Takeaways from Reverse Incentive Auction Webinar
The reverse incentive auction webinar took place at Pillsbury Winthrup’s Washington DC offices yesterday December 19th. A replay is available at http://www.tmcnet.com/webinar/crossfire/incentive-auctions.htm (note: paid registration required, CLE credits may be available). In addition to the opening remarks, there were three panels – Legal, Valuation and Policy. The key takeaways from each section are:
I. Opening Remarks –
(Harold Furchtgott-Roth, former FCC Commissioner, Introduced by Barlow Keener, Keener Law Group)
1) Noted that increasing spectrum available for its highest use, mobile broadband was an important component to increasing economic growth.
2) Noted that the wireless industry was one of the fastest growing segments of the economy.
3) Indicated that the current spectrum inflexibility was costing consumers hundreds of billions of dollars annually. This was particularly important given the current budgetary concerns and the lack of growth in the economy.
II. Legal Panel –
(moderated by Marty Stern of K & L Gates. Rebecca Hansen from the FCC provided an overview of the auction. John Hane, Pillsbury Winthrup and Brian Madden, Lerman Senter offered legal comments.)
1) The FCC is officially deciding between a sealed bid process whereby participants indicate the price at which they will sell their spectrum and a descending bid auction, whereby the FCC offers a price to broadcasters in a given market and then lowers it until only the number of acceptances they would like remain. However, most observes believe the FCC is headed towards the descending bid auction.
2) FCC will score bids based on a unit price per market and on how it impacts repacking and then decide which ones to accept.
3) Many details about the number of options broadcasters will have are not settled.
4) Brian Madden stated that broadcasters need to think differently about the value of their businesses, because in the reverse auction process, the value will not be based on traditional broadcaster valuation metrics, but rather the value to a different user.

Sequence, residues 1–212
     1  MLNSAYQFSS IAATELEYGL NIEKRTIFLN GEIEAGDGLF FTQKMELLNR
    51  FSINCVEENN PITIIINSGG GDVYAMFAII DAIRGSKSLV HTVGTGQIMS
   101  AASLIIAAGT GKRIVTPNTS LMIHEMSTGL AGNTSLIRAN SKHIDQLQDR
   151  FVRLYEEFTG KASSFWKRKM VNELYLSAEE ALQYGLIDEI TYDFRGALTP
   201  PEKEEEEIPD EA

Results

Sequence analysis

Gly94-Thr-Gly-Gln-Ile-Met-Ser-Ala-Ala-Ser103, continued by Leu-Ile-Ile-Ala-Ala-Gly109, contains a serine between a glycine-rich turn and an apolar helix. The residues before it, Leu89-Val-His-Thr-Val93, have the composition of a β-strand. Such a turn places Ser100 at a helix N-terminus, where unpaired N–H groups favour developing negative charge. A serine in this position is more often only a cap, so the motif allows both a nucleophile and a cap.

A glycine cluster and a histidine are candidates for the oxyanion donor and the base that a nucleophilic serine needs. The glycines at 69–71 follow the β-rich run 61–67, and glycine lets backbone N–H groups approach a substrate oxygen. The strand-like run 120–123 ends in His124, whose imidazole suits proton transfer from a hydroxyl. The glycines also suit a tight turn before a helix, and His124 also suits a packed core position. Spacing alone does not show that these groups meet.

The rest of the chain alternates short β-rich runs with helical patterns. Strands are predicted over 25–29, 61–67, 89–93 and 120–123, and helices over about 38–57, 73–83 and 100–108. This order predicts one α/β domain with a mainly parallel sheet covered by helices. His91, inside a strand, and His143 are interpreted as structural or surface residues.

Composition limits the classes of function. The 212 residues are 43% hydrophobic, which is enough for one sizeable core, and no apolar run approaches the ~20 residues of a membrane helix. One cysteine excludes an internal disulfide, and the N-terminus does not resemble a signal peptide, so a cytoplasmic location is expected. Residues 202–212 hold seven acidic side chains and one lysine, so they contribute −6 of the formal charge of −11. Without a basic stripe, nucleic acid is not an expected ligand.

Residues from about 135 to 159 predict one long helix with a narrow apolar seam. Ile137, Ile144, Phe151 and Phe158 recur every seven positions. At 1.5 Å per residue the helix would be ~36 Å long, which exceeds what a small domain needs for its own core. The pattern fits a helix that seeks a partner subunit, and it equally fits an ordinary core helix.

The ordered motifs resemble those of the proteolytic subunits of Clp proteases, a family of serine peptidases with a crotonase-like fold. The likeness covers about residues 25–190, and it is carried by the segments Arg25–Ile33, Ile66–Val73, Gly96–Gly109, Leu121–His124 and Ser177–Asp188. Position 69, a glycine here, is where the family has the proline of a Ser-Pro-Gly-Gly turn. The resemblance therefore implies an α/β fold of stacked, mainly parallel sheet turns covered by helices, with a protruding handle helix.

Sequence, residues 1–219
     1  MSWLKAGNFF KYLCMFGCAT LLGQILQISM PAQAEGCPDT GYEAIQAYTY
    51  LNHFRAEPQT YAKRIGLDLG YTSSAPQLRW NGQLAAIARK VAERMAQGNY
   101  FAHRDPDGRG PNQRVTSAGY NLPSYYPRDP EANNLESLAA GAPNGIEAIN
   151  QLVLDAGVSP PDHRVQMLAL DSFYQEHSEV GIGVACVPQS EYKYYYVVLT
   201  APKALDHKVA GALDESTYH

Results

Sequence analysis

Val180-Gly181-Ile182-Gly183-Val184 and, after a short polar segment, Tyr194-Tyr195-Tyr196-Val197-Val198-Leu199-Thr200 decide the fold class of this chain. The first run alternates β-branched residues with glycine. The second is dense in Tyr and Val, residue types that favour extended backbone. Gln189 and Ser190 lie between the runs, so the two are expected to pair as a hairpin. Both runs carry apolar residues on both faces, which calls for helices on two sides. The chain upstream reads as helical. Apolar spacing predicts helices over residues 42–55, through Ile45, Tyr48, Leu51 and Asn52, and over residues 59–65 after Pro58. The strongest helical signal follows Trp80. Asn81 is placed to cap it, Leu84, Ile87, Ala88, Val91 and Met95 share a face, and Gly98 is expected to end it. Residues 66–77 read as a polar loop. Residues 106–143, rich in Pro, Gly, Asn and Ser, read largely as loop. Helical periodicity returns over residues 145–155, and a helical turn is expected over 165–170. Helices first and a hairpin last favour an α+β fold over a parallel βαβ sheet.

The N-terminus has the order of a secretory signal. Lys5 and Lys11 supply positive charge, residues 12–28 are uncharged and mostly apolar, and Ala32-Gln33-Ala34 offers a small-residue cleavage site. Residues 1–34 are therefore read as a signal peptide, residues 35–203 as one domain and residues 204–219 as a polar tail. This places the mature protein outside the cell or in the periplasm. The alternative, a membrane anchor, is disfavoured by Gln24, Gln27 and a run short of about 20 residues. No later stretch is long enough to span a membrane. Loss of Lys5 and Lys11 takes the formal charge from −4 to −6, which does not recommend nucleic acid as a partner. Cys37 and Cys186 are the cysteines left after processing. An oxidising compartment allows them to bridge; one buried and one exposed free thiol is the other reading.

5) John Hane raised concerns about many details including how the repacking, which may change the frequencies for many broadcasters will impact their coverage areas, how interference issues result and how they might be compensated for losses. He suggested that the FCC take time between rounds to evaluate the potential impact of repacking.
III. Valuation Panel –
(moderated by J. Armand Musey, Summit Ridge Group, LLC. Panelists included three distinguished economists: Prof. Thomas Hazlett, George Mason Law School; Coleman Bazelon, The Brattle Group; and Mark Fratrick, BIA/Kelsey.)
1) Prof. Hazlett discussed the history and process that lead to the auction.
2) Coleman Bazelon indicated that FCC will only need to conduct the auction in the top 30 markets plus some adjacent markets to reach their goes of freeing 120 MHz nationwide. FCC bidding likely to result in prices in well in excess of their enterprise value, perhaps as much as 3x-4x.
3) Mark Fratick said that in recent months investors have purchased smaller broadcasters at premiums of 40%-50% above historical prices.
4) Panel agreed that some broadcasters, by virtue of their strategic position, such as overlapping major markets may be particularly important for the FCC to acquire and may achieve particularly high prices. However, it is difficult for a broadcaster to understand if they are in this position or a much weaker one. This requires significant technical, economic and legal analysis.
5) Panelists agreed that recent increased allocations and proposed allocations of wireless broadband spectrum would not reduce spectrum prices in the forward auction relative to prior auctions. Increased demand for wireless broadband has more than offset those spectrums increases, even after accounting for new technology that is increasing spectrum utilization efficiency.
IV. Policy Panel –
(moderated by Barlow Keener of Keener Law. Panelists included Prof. Preston Marshall, Univ. of S. California; Fred Campbell, CLIP; Trey Hanbury, Hogan Lovells.)
1) Panelists indicated that there might be additional auctions in the future and that this may not be their only exist opportunity.
2) Panelists agreed that it is in the broadcasters’ interest to invest in understanding this auction process.
3) Broadcasters may be surprised with the value they could achieve and may want to take advantage of it. If not, such information could better prepare them in the event of a future auction.
4) Prof. Marshall noted that future developments in cognitive radio may allow broadcasters to co-use spectrum with television broadcasters and avoiding the need for future auctions. Other panelists noted that such technology is not currently commercially viable.
5) Panelists agreed that the auction rules should be kept simple to maximize the number of participants on both sides. If the rules are too complex, it creates uncertainly and people instinctively avoid uncertainty.